The festive season has traditionally been an active period for real estate sales as many buyers consider Navratri and Diwali an auspicious time to buy property. Like in previous years, developers this year have sweetened property deals – some up-front discounts, or more commonly 0% GST (which is in any case not charged on ready-to-move properties), waived stamp duty and registration charges, free reserved car parking, modular kitchens, etc.
Browsing: Anuj Puri
In the April-June 2019 quarter, India’s GDP grew only by 5% – the slowest pace in over six years. Consumers are spending less on everything from FMCG to automobiles – and, of course, real estate. Naturally, the sector eyes RBI’s monetary policy for cuts in the key lending rates to support the various measures taken by the government to boost consumption sentiment.
Among the major factors contributing to the escalating ‘claustrophobia effect’ of shrinking apartment sizes, demand for affordable homes in metros tops the list. Also, buyers are increasingly looking to avail the government’s credit subsidy benefits for affordable housing. These require a home to be priced
There is no simple yardstick to calculate the exact number of units and the actual funds that are needed to complete them. Each delayed project is different in size, stage of completion, city and micro-location, etc. Also, various methodologies are used to reach an approximate number. After considering the government’s caveats – non-inclusion of projects under NCLT, and inclusion of mid and affordable units only, ANAROCK has shortlisted units launched in 2013 or before.
Additionally, the fact that the corpus will be completely professionally-driven including real estate experts, banking or housing finance specialists, it is likely to move more smoothly and in the right direction with little scope for misadventure. These specialists will need to identify such projects that are affordable and middle-income projects and are in need of last-mile funding for completion. The government’s move to relax commercial borrowing for affordable housing is another welcome step.
Even as India’s middle-class grapples with the prospect of an uncertain future in their careers and financial ability – the main drivers of housing demand – the rise of India’s super-rich continues unabated. According to Credit Suisse report, there were an estimated 3.42 lakh dollar-millionaires in India as on mid-2018 who collectively held around USD 6 trillion. It is forecast that 5.26 lakh Indian dollar millionaires’ wealth will be around USD 8.8 trillion by 2023. Market fluctuations make very little difference to the personal networth of these individuals.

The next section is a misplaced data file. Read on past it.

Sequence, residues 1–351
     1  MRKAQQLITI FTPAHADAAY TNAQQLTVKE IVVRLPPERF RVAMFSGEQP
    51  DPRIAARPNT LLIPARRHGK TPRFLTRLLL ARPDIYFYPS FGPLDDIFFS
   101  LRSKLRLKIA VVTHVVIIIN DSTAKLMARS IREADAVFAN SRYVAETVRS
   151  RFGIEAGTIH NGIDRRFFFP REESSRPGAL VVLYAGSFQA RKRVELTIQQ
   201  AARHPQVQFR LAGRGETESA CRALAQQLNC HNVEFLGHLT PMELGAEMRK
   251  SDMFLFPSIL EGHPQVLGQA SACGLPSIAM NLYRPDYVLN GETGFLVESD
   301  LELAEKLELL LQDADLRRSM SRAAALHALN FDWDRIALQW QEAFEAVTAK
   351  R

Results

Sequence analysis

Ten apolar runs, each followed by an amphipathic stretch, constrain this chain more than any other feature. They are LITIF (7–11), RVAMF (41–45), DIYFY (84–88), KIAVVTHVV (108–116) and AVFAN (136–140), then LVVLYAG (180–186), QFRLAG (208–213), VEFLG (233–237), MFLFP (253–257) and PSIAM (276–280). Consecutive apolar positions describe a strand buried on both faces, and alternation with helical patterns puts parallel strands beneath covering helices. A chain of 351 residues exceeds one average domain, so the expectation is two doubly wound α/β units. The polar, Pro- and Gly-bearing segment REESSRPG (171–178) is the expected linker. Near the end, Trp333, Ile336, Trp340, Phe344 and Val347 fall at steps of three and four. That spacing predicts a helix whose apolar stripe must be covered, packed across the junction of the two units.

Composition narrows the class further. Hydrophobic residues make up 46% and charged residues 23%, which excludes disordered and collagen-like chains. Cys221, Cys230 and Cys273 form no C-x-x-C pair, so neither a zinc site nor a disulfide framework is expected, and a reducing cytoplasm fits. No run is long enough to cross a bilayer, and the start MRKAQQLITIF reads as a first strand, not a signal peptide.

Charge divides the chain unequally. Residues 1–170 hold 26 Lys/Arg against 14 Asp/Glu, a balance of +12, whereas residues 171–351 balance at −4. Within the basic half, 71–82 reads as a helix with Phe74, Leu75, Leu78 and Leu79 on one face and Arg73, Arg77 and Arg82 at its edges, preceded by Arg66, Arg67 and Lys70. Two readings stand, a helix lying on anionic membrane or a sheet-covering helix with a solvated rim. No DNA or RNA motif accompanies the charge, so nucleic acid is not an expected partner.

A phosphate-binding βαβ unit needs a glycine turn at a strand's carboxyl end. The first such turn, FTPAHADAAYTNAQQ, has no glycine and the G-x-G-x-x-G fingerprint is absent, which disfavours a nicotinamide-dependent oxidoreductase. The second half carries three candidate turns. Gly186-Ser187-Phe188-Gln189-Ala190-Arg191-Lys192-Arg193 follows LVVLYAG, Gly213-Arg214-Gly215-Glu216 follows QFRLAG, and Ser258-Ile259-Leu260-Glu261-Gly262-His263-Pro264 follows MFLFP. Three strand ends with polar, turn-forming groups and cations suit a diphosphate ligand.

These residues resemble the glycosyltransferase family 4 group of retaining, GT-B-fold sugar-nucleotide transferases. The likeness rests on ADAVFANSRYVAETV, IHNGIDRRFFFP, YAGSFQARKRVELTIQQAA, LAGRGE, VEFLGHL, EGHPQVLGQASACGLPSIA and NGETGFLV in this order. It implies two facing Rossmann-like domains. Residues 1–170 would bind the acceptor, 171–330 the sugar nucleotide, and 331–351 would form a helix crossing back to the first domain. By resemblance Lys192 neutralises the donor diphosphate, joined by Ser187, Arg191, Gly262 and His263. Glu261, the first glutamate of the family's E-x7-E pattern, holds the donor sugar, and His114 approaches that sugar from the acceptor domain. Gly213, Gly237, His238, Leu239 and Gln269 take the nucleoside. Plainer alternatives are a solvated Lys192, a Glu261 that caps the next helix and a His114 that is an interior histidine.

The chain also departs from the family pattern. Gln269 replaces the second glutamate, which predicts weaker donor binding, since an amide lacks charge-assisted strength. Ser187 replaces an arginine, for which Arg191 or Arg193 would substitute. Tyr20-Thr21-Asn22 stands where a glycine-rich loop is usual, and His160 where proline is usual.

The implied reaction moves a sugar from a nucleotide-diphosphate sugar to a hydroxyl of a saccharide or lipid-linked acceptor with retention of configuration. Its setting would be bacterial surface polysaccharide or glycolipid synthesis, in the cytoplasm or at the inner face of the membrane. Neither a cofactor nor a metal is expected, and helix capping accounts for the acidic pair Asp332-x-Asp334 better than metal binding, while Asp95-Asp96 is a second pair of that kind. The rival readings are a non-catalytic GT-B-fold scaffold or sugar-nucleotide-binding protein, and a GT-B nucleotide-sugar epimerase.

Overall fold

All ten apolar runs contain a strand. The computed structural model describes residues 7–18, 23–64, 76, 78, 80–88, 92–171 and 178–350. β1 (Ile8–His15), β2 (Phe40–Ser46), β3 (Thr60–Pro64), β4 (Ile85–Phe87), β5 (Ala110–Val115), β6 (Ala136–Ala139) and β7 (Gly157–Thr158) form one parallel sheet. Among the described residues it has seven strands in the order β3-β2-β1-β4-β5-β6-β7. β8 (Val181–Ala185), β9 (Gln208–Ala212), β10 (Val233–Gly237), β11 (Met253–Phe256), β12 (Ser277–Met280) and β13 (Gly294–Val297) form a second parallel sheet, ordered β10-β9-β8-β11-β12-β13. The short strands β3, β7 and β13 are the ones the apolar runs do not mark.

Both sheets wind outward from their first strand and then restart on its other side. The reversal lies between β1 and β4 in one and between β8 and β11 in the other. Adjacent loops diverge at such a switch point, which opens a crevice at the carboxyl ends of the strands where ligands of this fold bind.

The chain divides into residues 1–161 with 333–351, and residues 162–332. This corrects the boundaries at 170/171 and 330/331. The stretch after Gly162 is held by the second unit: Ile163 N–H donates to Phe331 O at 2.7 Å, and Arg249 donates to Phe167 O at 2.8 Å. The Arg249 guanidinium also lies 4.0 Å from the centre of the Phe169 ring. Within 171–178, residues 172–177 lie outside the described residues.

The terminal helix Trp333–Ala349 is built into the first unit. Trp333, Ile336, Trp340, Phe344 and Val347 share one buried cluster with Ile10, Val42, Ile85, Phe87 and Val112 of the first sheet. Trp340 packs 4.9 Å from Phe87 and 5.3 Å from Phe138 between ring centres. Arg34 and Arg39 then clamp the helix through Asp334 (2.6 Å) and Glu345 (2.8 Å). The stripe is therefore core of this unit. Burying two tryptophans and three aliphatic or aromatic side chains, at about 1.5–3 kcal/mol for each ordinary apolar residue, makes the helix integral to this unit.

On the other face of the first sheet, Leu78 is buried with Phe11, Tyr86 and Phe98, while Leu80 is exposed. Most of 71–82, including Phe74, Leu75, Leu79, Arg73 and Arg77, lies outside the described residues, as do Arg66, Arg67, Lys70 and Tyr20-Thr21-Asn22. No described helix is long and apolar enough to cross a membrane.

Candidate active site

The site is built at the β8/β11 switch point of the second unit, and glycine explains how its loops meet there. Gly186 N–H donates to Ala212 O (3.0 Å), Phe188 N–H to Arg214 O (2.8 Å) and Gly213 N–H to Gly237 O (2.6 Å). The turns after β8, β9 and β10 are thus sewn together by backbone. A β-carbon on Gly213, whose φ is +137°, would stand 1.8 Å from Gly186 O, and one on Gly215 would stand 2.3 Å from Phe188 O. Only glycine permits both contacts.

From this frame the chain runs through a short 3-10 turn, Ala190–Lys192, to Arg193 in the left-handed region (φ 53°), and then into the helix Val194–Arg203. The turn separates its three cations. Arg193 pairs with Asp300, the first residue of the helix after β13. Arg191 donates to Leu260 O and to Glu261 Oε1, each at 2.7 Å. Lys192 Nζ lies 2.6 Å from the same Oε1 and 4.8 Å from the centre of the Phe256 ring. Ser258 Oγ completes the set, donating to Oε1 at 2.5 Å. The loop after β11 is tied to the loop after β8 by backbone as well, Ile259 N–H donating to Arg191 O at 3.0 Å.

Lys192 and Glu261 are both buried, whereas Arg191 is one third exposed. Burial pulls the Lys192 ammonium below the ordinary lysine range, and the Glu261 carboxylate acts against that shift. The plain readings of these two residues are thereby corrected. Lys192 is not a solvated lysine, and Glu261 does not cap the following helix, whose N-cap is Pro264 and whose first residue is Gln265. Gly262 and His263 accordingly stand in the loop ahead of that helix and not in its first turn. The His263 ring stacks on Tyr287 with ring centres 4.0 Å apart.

Traditionally, the festive quarter fares better than the previous quarters of the year when it comes to housing sales – the combination of religious sentiment and festive deals and freebies is a potent mix during this part of the year. For instance, Q4 2015 saw 70,000 homes sold in the seven major cities. However, as tempting as it was for developers to believe that this was an unshakeable performance standard, it was certainly shaken just a year later. After demonetization (DeMo) was announced in this critical quarter in 2016, housing sales halved to 32,100 units.
In the ‘golden years’ of India’s housing market, property was the default go-to option for big-ticket investment. With real estate’s fading allure, investors began exploring other options and found them to quite rewarding. For instance, they can invest in a start-up with sums as ‘low’ as INR 10 lakhs. Many entrepreneurially-inclined Indians find the potential ROI (as high as 15% in many instances) makes more sense. Mutual funds provide good returns and the entry level is low enough to be affordable to many.
Sensing the potential of the student housing market, many start-ups have entered the fray. Student housing providers such as Oxfordcaps, Tribestays, PLACIO, Stanza Living, Campus Student Communities, Housr, Simplyguest, etc. currently operate in Delhi, Pune, Bengaluru, Noida, Mumbai, Indore, Dehradun, Ahmedabad and Jaipur. The top 10 players in the organized student housing space collectively operating slightly over 75,000 beds with plans to touch nearly 2 lakh beds by 2020.
It was not the magic wand it was hoped to be. However, over the past two years, the Real Estate Regulatory Act (RERA) has brought more sanity – and the return of consumer power – than seemed possible in such a short time. The real estate sector is still struggling with it and the Act is very much work-in-progress in many states, but RERA nevertheless hangs like a sword of Damocles over a previously unregulated industry. Eventual compliance across the board seems inevitable.